The judicial persecution of Baltasar Garzón is now reaching a crucial phase. The other day, Garzón played what may be his last card before facing trial accused of acting unjustly in his investigation of Franco's repression. With the failure of his, well-founded, challenge to the partiality of judge Luciano Varela, Garzón could see clearly that things were not going his way. So he unveiled a plan to seek a transfer to the International Criminal Court in The Hague where he would act as an advisor. Initially for a few months, with the possibility of a longer extension.
Garzón's intention was not to avoid trial through this move, the case against him does not depend on him continuing to work as a judge in Spain. It was however a pre-emptive move against what looks like being his almost certain suspension from his current post in the Audiencia Nacional. His challenge to Varela, after the latter assisted the far right group of Manos Limpias in preparing their accusation against Garzón, was dealt with very quickly and in a way which suggested that Garzón has no friends at all in the Spanish Supreme Court. A worthy contender for any award for judicial cynicism, the challenge was dismissed on the bizarre grounds that Varela's assistance to those who are out to get Garzón was guaranteeing the rights of the accused!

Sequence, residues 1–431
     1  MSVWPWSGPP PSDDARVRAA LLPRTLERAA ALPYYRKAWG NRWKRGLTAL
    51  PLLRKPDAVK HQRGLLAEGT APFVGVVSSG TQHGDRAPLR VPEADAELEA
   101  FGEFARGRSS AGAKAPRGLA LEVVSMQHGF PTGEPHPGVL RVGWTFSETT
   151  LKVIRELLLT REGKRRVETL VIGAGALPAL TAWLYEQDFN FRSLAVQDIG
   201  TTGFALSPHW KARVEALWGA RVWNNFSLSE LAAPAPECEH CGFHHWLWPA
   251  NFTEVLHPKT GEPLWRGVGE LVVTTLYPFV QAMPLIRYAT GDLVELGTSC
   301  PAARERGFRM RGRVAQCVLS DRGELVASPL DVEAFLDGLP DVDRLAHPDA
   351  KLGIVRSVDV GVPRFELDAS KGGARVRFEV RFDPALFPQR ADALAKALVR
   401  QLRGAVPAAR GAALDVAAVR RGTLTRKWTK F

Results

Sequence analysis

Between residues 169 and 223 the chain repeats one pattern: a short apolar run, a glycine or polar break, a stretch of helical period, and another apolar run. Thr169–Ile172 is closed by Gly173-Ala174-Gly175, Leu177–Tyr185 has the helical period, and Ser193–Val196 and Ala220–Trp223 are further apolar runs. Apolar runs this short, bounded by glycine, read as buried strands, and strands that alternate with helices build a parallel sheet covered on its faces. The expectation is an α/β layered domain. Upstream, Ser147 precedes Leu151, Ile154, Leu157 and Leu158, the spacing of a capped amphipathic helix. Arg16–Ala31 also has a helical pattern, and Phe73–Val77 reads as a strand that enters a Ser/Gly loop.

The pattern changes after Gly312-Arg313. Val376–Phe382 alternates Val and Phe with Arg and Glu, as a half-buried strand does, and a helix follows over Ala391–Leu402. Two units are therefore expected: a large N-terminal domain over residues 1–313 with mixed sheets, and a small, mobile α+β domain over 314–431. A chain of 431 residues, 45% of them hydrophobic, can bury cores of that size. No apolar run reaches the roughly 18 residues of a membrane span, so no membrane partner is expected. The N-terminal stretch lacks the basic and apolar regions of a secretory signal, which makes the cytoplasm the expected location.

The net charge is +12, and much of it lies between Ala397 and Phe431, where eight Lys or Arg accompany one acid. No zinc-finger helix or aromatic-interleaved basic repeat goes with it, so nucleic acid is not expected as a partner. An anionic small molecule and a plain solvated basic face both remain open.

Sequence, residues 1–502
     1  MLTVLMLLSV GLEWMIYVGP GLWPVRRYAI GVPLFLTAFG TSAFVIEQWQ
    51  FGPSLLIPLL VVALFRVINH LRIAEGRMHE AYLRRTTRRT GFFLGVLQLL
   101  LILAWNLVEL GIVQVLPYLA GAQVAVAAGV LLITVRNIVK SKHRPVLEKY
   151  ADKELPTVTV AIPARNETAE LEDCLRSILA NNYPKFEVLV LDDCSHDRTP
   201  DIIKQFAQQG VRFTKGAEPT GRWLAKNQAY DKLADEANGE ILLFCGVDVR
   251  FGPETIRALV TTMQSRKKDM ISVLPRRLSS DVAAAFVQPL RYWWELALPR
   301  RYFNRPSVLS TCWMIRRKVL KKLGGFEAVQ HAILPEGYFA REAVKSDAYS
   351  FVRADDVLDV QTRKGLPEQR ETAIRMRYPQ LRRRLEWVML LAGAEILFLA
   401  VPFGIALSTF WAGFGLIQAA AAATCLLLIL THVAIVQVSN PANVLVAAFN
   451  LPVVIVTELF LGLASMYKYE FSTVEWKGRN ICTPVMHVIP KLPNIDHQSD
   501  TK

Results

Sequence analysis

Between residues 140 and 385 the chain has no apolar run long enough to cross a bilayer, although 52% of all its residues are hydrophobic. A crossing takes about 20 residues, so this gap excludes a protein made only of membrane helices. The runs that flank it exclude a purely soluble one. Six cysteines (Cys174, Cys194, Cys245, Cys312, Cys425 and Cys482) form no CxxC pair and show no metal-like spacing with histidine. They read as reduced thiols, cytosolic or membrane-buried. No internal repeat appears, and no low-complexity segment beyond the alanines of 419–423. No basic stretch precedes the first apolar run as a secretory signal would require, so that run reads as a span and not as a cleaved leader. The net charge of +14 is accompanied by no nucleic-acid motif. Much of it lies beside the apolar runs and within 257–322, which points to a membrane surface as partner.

Then, once Garzón had announced his intention to seek the transfer to The Hague the wheels of justice suddenly started to move bewilderingly fast. Varela issued a whirlwind of decisions and documents including the formal "auto" which officially commits Garzón for trial. This, despite the fact that there are still appeals pending against Varela's decisions from Garzón himself and from state prosecutors who argue that the case has no foundation. It seems fairly clear that Garzón's enemies are determined to see him suspended and are now seeking to prevent him from getting the transfer by fast tracking the accusation against him. Once he is suspended of course, the pace of "justice" will be expected once again to leave most snails looking like boy racers.
So all eyes will now be on the specially convened meeting tomorrow of the Consejo General del Poder Judicial (CGPJ). This meeting has to consider both the possible suspension of Garzón and his request for a transfer to the ICC; which has already been given the green light by Spain's foreign ministry. What they do will be the true test of the weight of Garzón's many enemies, some of whom occupy comfortable positions on the CGPJ itself. If they deny the transfer request it will be because they want to see him completely out of action, regardless of whether the accusations against him eventually succeed or not. Together with the equally pathetic spectacle created around the Constitutional Court over its verdict on Cataluña's Estatut, we can now say that the Supreme Court is seriously competing to be the most discredited judicial institution in the country. The judges don't seem to care much about that, they want their prey.